2. Corner Stretch:

Pectoralis StretchThis stretch is used to stretch the pectoralis muscles that are often tight due to extended periods of time sitting or at a computer.  To complete this stretch, find a doorway and put the inside of your bent arm on the surface of the wall at shoulder height.  To feel the stretch turn your body away from the arm, and you should feel the stretch in chest (amazing ponytail as seen in the photo is optional).

3. Scalene Stretch:

To complete this stretch, hold on to something for support because you will be tipping your head backwards and towards the opposite shoulder.  Tip your head slightly back and to the side, the picture shows the person pulling his head back, this should only be done if you do not feel a stretch in the front of your neck with the initial movement.

4. Upper Trapezius stretch:

This is the simplest of all the stretches.  Without rotating your neck, tip your head, as f you were trying to touch your ear to your shoulder.  If you do not feel a stretch on the  opposite side you can use overpressure with your hand to elicit the desired stretching sensation.

Strengthening:

Strengthening exercises should be performed with high repetitions to help build endurance.  We recommend 5 sets of 10 repetitions, 3 times a week for best results.  These exercises may seem simple, but if used properly they can alleviate your nagging neck pain.

1. Chin Tucks:

Similar to the deep neck flexor test done earlier, lie on your back and tuck your chin, lifting your head 1 inch off the ground.  Make sure you hold the double chins in your neck.  Hold for 30 seconds (or as long as you are able to if you cannot hold for 30 seconds) each set and complete 5 sets 3 times each week.  And, yes, this exercise falls into a category of exercises know as “Not sexy but very effective!”

2. Scapular squeezes:

Begin this exercise sitting down and, just as the name suggests, and squeeze your shoulder blades together.  By pinching your shoulder blades together, your chest will stick out slightly.  Make sure not to lift your shoulders towards your ears while holding this position!  Hold this position for 30 seconds each repetition and complete 5 repetitions per day 3 times a week.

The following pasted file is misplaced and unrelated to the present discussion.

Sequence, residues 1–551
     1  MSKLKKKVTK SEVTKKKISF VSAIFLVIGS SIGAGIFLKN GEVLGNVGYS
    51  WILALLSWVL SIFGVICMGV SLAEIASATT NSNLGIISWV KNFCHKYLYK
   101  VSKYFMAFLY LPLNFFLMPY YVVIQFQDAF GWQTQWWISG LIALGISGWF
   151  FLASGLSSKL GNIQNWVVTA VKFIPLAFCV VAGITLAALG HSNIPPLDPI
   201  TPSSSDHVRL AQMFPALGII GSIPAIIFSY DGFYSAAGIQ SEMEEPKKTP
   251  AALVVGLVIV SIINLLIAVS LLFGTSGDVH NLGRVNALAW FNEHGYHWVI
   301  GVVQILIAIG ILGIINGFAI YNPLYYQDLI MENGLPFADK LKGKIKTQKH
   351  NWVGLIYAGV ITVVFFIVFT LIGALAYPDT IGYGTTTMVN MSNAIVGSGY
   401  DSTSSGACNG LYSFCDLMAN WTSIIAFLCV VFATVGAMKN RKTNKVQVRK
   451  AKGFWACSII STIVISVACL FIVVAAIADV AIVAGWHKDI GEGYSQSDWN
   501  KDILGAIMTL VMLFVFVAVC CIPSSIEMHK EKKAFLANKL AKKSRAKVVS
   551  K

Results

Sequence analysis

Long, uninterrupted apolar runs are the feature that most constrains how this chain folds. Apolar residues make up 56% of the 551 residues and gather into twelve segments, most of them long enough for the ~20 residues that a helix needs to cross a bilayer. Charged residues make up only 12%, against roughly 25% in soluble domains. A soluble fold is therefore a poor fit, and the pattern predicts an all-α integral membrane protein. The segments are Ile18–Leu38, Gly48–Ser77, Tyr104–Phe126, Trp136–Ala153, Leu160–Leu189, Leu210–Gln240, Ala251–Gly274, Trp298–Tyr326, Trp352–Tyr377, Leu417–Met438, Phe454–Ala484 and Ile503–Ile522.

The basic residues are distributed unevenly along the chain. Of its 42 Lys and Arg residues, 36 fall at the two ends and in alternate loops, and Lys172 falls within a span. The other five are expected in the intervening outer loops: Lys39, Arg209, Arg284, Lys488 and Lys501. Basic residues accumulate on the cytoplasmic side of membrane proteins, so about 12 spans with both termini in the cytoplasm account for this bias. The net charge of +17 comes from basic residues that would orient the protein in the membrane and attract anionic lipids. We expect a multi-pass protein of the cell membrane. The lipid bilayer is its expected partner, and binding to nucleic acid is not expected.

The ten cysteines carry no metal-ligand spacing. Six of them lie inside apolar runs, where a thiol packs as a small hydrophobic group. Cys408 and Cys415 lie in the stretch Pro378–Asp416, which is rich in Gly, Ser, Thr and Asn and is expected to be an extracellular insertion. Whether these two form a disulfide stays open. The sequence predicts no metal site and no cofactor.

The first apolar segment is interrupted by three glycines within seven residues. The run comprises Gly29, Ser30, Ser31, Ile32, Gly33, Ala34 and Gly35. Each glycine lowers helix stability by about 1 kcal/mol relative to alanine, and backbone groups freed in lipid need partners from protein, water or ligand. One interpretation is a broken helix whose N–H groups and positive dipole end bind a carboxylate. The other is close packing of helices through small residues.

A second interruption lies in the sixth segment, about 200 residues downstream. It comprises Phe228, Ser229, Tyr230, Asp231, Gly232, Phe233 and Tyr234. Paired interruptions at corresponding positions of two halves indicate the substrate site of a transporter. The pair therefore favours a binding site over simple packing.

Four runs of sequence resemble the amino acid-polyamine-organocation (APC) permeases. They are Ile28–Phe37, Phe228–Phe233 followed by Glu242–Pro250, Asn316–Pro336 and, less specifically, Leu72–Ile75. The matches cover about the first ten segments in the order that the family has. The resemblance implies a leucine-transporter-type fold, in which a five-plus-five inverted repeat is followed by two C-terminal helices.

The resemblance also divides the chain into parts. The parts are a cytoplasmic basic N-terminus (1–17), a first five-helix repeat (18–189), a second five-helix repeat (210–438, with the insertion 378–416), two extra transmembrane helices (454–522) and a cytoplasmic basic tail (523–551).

3. Upper Cuts:

Upper Cut Exercise

Begin with your knees bent 15 degrees and as you start the upper cut movement, punch towards your opposite shoulder (your bicep should come towards your mouth) and push through your legs.  You can make the exercise more difficult holding a weight in your hand while punching as seen in the photo.  This exercise is used to strengthen the serratus anterior.

Stat Fact: Neck musculature is estimated to contribute 80% to the stability of the cervical spine.

These are some of the exercises and stretches that can be used to help people minimize neck pain.  Next time you’re sitting at your desk, think twice about leaning forward to read the computer screen.  If your neck pain persist or worsens after doing these exercises for a few weeks, talk to your medical doctor about additional treatment options.

Your Future Muscular Neck

References:

Deyo RA, Weinstein JN. Low back pain. N Engl J Med 2001;344:363–70.

Chiu TT, Law EY, Chiu TH. Performance of the craniocervical flexion test in subjects with and without chronic neck pain. J Orthop Sports Phys Ther. 2005 Sep;35(9):567-71

Ekstrom et al, Surface Electromyographic Analysis of Exercises for the Trapezius and Serratus Anterior Muscles, J Orthop Sports Phys Ther 2003;33:247–258.

Childs J, Cleland J, Elliott J, Deydre T, Wainner R, Whitman J, et al. Neck Pain: Clinical Practice Guidelines Linked to the International Classification of Functioning, Disability, and Health From the Orthopaedic Section of the American Physical Therapy Association. J Orthop Sports Phys Ther. 2008;38(9):A1-A34.

17

01 2010